Former President Luís Inácio Lula da Silva, the most popular politician in Brazil, has been jailed for 12 years and 1 month for corruption. This was the outcome of an unprecedented judicial persecution already lasting four years: the most egregious case of lawfare in the world today. The affair is thought to have contributed to the sudden death of Lula’s wife Marisa. His bank accounts, savings and pensions have been blocked, rendering him destitute. Yet, no allegation has been proven, and this ruling comes courtesy of a judge overtly aligned with a right-wing party and with close contacts with the US Department of Justice, who also played the roles of prosecutor and jury. It gets worse the closer you look.
Lula has long proved a divisive figure – but before his imprisonment, he was ahead in the polls in the run-up to this year’s elections. The summary imprisonment has sounded the alarm for many people – even those who might not agree with his politics – about a danger to the fabric of Brazil’s democracy. How did a rising global power with a vibrant democracy plummet into a political abyss?
Luís Inácio Lula da Silva was the most influential trade union leader in Brazil in the 1970s, and the most important leader of the ‘new unions’ emerging under the military dictatorship. These combative unions were centred in the consumer goods industries, state-owned enterprises and the civil service.
Between the late 1970s and early 1980s, Lula led some of the largest and most influential workers’ strikes in Brazilian history. He was also the leading founder of the Brazilian Workers’ Party (PT) in the early 1980s, spending several years as party president. But, despite media hype at the time, Lula was never a ‘socialist’ of any description. He was always a social democrat, and a negotiator: he is impressively good at reaching agreement across economic and political divides, and this quality was essential in his political trajectory.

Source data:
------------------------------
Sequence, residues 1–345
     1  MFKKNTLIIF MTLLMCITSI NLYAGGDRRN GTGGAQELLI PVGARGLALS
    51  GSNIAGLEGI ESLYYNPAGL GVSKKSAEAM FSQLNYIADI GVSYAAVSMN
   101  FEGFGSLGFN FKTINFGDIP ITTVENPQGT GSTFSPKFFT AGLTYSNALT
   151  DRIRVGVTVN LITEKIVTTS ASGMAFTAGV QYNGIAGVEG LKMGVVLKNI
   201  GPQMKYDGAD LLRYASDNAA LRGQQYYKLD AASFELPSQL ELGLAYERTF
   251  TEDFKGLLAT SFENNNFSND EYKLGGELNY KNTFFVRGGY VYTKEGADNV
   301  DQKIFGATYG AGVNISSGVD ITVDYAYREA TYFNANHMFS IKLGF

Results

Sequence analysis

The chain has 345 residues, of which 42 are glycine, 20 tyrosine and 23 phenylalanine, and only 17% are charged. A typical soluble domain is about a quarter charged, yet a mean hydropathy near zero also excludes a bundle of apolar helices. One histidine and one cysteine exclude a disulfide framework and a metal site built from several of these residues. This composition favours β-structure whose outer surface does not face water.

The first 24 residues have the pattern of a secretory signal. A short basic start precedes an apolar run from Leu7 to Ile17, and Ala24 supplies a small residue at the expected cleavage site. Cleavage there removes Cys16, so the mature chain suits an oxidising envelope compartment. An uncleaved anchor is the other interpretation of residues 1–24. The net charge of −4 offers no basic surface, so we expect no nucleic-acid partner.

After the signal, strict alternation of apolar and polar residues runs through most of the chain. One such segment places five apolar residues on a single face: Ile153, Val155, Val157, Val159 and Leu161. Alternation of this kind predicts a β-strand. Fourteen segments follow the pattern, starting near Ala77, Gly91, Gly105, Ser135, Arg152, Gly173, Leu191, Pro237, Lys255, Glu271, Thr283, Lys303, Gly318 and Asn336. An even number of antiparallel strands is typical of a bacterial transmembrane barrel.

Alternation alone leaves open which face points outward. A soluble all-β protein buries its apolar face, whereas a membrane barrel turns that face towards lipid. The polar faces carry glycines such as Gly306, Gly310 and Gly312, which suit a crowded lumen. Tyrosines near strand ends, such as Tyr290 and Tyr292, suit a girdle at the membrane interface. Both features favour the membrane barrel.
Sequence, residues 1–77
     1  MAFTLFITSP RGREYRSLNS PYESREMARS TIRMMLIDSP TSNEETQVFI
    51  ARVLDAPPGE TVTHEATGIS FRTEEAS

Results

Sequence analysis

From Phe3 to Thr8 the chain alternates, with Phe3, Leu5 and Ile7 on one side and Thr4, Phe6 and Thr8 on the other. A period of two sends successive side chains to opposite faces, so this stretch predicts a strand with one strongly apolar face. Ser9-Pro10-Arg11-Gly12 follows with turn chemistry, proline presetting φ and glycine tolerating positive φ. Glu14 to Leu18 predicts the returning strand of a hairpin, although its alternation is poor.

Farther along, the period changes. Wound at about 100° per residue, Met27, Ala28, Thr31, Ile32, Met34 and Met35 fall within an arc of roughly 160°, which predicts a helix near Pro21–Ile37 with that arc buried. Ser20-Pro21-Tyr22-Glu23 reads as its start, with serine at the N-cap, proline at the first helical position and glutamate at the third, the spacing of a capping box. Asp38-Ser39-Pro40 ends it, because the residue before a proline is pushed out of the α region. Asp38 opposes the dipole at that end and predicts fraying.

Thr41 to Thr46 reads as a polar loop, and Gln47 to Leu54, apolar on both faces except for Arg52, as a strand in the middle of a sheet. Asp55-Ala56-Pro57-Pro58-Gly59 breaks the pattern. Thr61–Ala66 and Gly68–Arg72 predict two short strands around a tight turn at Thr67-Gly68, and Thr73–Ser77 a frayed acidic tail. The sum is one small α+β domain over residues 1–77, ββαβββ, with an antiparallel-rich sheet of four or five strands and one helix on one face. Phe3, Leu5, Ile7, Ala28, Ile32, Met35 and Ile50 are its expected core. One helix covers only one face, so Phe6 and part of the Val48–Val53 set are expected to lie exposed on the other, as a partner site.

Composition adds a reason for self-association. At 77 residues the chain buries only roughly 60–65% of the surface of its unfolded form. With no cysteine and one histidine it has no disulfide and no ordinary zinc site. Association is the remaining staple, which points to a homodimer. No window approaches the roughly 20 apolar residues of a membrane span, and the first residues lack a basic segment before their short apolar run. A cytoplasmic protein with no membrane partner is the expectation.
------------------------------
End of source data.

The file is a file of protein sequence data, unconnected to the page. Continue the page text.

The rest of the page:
As leader of the PT, Lula fought and lost three presidential elections, in 1989, 1994 and 1998. Each time the party fought a more moderate campaign, with a growing appeal to the political centre and the middle class, as the Brazilian working class and the civil service were decimated by the transition to neoliberalism, deindustrialisation, informalisation, privatisation, and the ‘retrenchment’ of the public sector.
In the run-up to the 2002 elections, Lula and the PT put together an extremely broad coalition encompassing the traditional worker base of support of the PT, radicalised peasants represented by the landless peasants’ movement (MST), the ‘progressive’ section of the middle class, and a large chunk of Brazil’s domestic bourgeoisie. They were represented by Lula’s vice-Presidential candidate, José Alencar, a self-made man, leader of the textile industry, and a nationalist politician affiliated to a centre-right party.
Lula’s rise in the opinion polls in early 2002 went alongside with to considerable turbulence in the exchange rate and in the market for government securities. Threats of a balance of payments crisis and fiscal collapse led Lula to issue a ‘Letter to the Brazilian People’ four months before the election, committing his government to the neoliberal macroeconomic policies that had been imposed by President Fernando Henrique Cardoso, of the right-wing PSDB, then (as well as now) the main rival of the PT.
Lula was elected comfortably. He appointed Henrique Meirelles, prominent international banker and member of the PSDB as president of the Central Bank – who would go on to become Minister of Finance in 2016. In appointing Meirelles, Lula was trying to negotiate an agreement with finance, international capital and the Brazilian elite. He would not change macroeconomic policy – and exchange they would allow him to focus on social policy, distribute income at the margin, and reduce Brazil’s staggering poverty.
This is what Lula’s first administration tried to do, until reality interfered in two ways. First, the government discovered that neoliberal macroeconomic policies (fiscal austerity, high interest rates, inflation targets, an independent central bank, free international flows of capital and so on) are incompatible with the rapid economic growth needed to deliver on his social policies. Second, they also discovered that political moderation was insufficient to appease the traditional elite.